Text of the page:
Skip to comments.Putting a Price on D.C.'s Worst Commute (HOT Lanes)
Posted on 03/18/2014 10:26:08 AM PDT by C19fan
For a few giddy moments, it seems I've dodged the torture awaiting commuters into Washington, D.C., most any weekday morning. As I merge onto Interstate 95 in Fredericksburg, Virginia, 50 miles from the Pentagon, the traffic around me glides along at the 65-mph speed limit. No brake lights illuminate the predawn dark. I set my cruise control. Perhaps, I dare to think, this won't be so bad.
The route remains a quagmire, just the same. So now the state is embarking on another fix. With financing from private investors, Virginia is converting the HOV lanes south of Washington to high occupancy-toll lanes, or HOT lanes. These express lanes, like 20-some similar projects in cities from coast to coast, will enable solo motorists to drive alongside carpoolers for a price.
(Excerpt) Read more at theatlanticcities.com ...
I drive/ride in a 3-person carpool in Houston. About a year ago, the HOV lanes were converted to HOT lanes. Now we carpoolers get to drive in slow traffic like everybody else, and the city makes money off the poor schmucks who are paying a fee to creep along with us in an enclosed lane.
The entire HOV/HOT concept should be abandoned. It never helped traffic in general and in fact made it worse. States love these programs because they get fed money if they implement it.
When an accident occurs and HOV restrictions are temporarily lifted, traffic amazingly improves to the point that it is better than without the accident and with HOV in place. The most telling sign of what a joke this concept is.
Part of the problem is VA does not have the money to increase highway capacity so they are using these HOT lanes to get private investment to pay for them.
Philadelphia knows how do deal with traffic; when the jams get too long, Philly raises taxes, businesses close, people lose their jobs, and the traffic lightens right up.
It’s the same with Obama’s healthcare plan; when people spend too much on healthcare, the care is removed, the people die, and viola! Healthcare costs are down.
States can issue bonds to get private money. They should probably also use that gas tax money they get appropriately.
An extra lane that everyone can use is far better than an extra lane only a relatively few use.
I’ve driven that run many times, though not for my typical work day. I can’t help every time thinking how traffic would dissipate if all the lanes were open to everyone.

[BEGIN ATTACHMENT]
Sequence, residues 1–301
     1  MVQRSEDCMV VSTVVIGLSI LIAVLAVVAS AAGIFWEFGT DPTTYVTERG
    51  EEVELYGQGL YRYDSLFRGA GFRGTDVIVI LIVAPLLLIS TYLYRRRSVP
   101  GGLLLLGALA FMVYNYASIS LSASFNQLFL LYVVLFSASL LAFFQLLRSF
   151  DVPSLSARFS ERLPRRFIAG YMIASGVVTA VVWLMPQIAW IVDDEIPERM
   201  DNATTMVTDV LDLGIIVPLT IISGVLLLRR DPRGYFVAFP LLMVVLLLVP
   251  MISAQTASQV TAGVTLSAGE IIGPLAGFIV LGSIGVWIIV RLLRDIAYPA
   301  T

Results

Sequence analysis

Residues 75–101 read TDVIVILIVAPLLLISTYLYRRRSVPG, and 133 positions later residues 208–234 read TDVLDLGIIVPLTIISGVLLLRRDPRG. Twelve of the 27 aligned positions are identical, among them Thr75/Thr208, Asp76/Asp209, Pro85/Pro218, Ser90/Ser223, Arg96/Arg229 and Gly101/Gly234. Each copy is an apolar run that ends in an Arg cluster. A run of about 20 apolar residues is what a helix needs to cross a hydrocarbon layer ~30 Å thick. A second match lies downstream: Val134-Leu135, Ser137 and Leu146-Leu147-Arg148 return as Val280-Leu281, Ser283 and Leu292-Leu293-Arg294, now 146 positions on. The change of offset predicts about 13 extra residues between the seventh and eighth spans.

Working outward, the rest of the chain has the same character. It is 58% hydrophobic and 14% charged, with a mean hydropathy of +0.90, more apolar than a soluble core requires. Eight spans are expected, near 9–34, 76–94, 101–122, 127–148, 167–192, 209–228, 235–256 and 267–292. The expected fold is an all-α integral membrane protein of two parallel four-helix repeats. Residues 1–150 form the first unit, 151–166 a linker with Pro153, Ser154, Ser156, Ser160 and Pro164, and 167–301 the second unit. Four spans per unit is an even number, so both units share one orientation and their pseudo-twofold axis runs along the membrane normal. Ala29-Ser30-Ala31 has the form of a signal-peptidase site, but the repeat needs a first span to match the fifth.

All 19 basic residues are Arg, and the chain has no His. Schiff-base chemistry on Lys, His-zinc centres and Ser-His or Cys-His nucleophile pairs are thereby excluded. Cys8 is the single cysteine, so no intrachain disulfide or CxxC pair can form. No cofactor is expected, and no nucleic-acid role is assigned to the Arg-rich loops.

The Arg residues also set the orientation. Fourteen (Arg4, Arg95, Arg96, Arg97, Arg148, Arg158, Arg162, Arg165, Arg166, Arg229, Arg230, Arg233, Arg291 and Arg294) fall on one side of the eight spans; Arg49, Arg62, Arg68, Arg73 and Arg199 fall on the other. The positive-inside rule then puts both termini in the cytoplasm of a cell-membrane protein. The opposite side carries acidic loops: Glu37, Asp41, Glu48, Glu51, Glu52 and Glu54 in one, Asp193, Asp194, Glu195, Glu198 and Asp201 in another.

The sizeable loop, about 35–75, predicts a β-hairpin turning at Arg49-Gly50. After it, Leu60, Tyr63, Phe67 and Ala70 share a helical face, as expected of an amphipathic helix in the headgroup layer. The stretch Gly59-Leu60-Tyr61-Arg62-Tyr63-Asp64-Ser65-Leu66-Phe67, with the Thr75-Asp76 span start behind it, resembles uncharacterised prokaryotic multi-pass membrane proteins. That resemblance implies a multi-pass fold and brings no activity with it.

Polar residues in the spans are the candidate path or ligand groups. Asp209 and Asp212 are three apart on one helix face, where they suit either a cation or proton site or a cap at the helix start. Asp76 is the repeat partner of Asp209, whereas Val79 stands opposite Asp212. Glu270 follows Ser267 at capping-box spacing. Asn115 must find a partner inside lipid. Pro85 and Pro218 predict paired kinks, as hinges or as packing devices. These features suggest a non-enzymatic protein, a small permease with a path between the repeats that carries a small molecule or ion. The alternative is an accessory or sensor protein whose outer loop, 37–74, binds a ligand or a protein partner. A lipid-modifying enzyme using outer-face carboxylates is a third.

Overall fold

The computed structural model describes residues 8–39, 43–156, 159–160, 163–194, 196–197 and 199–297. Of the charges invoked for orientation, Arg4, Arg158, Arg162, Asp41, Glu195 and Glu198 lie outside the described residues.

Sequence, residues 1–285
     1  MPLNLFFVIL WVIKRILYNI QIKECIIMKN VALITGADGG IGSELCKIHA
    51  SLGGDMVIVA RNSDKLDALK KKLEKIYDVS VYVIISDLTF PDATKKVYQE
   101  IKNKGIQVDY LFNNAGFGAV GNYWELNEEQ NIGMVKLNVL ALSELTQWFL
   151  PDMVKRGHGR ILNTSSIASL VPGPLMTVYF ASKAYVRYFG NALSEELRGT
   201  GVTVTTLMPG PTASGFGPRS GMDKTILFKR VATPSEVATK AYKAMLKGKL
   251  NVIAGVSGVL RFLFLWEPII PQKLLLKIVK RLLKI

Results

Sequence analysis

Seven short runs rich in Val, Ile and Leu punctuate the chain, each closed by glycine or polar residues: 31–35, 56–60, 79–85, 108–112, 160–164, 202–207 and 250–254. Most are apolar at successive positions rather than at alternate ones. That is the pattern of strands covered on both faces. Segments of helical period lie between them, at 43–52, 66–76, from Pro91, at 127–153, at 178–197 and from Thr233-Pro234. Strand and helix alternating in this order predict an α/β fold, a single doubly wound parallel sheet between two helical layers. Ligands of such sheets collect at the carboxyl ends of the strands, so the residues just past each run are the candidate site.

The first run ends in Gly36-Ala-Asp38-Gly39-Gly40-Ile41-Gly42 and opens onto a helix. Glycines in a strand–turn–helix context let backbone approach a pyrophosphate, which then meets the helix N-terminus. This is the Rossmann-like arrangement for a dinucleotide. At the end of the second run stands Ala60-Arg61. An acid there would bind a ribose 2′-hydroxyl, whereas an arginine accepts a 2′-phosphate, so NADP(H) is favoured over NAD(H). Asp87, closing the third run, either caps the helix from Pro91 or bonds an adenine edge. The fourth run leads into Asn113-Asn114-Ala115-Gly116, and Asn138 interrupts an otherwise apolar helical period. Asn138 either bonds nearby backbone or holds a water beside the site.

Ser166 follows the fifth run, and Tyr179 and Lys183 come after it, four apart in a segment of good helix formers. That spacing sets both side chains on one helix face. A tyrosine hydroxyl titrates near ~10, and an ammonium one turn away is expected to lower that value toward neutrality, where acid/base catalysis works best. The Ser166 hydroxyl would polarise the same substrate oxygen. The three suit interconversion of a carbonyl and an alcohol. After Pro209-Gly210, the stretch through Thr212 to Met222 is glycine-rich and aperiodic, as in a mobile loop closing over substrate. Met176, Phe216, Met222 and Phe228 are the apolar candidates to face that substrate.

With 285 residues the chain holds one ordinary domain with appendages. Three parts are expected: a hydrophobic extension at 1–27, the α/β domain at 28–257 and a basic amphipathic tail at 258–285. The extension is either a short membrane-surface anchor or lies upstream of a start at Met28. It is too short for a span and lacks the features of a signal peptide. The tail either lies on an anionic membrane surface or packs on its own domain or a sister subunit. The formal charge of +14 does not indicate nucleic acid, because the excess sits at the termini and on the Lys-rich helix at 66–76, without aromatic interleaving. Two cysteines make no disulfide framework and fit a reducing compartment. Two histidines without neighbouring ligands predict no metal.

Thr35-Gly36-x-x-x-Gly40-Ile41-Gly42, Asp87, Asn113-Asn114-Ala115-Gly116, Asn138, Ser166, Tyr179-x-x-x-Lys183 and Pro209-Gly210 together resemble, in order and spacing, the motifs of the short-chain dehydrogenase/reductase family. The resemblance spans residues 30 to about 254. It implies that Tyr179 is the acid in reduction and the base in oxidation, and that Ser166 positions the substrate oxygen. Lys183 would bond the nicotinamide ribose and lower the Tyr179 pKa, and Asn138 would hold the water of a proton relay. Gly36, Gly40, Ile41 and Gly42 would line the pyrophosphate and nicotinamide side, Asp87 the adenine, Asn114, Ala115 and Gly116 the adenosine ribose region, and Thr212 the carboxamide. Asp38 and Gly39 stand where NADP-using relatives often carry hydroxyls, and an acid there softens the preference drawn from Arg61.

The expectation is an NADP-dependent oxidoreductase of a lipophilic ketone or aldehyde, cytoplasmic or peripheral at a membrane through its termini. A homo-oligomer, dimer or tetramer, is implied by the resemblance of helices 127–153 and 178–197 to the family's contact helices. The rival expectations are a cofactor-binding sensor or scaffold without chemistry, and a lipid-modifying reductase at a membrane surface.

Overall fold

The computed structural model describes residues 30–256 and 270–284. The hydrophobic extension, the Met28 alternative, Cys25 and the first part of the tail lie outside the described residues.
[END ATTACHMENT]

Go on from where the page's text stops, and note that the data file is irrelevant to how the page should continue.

Especially when you see the extra shoulder space between HOV and the rest of the lane. You could add a couple extra lanes by simply knocking down the barriers and restriping.
I see that and think what a waste of space that can be used for more lanes. If you got rid of the barriers, shoulders, and the land between the regular and HOV/HOT lanes that part of I-95 can easily be 6 lanes or more each eay.
When things get STUPID in Cities, “City People” will get EVEN STUPIDER!
Yes, The problem on I95 in northern Virginia is that the HOV lanes don't extend far enough.
Every afternoon there is a massive traffic jam caused by the traffic merging from six lanes down to three lanes when the HOV lanes end.
There is just too much traffic to fit into three lanes. Changing the rules for HOV lanes won't fix this.
It's been 3 years since I've had to drive that stretch. Often, when I would go through there, the traffic would be slowed all the way to the 95/295 split just north of Richmond.
IIRC, the 3 lanes eventually become 2 lanes and that causes even more problems.
About 10 seconds of logical thinking led me to wonder if that’s what would happen. Thanks for confirming it....
The I-95 corridor is all congested because the planned true bypass around DC metro was never built. All the traffic up and down the East Coast has to share the same limited capacity as people living in DC Metro. It is too late as the NIMBYs in MD and NoVa will stop any major project and forget about trying to build another crossing of the Chesapeake Bay or the Potomac.
This article is about the road renovations south of DC; but may still be of interest to Maryland commuters or residents. I just drove past there recently and tore my hair out as usual on the way to the Carolinas or Georgia.
Too true. I left when the number and amounts of taxes for my small business went over the top, added to the rest of Fast Eddie's Obama-like agenda.
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